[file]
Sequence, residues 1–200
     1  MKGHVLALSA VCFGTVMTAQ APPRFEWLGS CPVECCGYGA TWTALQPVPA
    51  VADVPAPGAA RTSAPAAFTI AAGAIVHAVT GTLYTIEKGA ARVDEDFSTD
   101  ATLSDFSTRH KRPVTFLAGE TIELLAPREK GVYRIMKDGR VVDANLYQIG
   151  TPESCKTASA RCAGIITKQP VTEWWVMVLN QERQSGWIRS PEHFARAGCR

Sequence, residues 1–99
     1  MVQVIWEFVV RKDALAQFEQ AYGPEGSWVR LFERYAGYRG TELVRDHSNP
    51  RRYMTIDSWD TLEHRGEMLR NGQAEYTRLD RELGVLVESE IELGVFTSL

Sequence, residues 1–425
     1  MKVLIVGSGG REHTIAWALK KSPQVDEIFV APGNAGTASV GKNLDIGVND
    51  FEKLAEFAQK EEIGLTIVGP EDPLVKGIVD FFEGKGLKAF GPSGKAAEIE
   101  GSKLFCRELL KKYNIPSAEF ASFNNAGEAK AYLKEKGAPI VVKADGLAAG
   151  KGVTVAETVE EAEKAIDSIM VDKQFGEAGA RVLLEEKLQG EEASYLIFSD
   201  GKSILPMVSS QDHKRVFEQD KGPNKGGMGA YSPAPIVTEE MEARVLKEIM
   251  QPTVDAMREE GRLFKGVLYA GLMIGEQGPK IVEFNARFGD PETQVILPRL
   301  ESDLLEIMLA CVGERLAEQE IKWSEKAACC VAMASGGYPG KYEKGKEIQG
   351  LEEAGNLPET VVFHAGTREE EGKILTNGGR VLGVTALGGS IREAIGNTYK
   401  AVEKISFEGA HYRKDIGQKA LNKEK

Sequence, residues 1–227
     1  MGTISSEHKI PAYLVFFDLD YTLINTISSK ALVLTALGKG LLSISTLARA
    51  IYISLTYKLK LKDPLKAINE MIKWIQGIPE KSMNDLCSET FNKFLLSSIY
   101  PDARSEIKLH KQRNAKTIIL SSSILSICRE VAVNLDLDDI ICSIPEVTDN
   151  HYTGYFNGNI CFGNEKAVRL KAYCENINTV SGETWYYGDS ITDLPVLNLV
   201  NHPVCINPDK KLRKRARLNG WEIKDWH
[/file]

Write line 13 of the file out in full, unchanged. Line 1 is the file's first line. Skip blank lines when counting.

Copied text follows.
   151  KGVTVAETVE EAEKAIDSIM VDKQFGEAGA RVLLEEKLQG EEASYLIFSD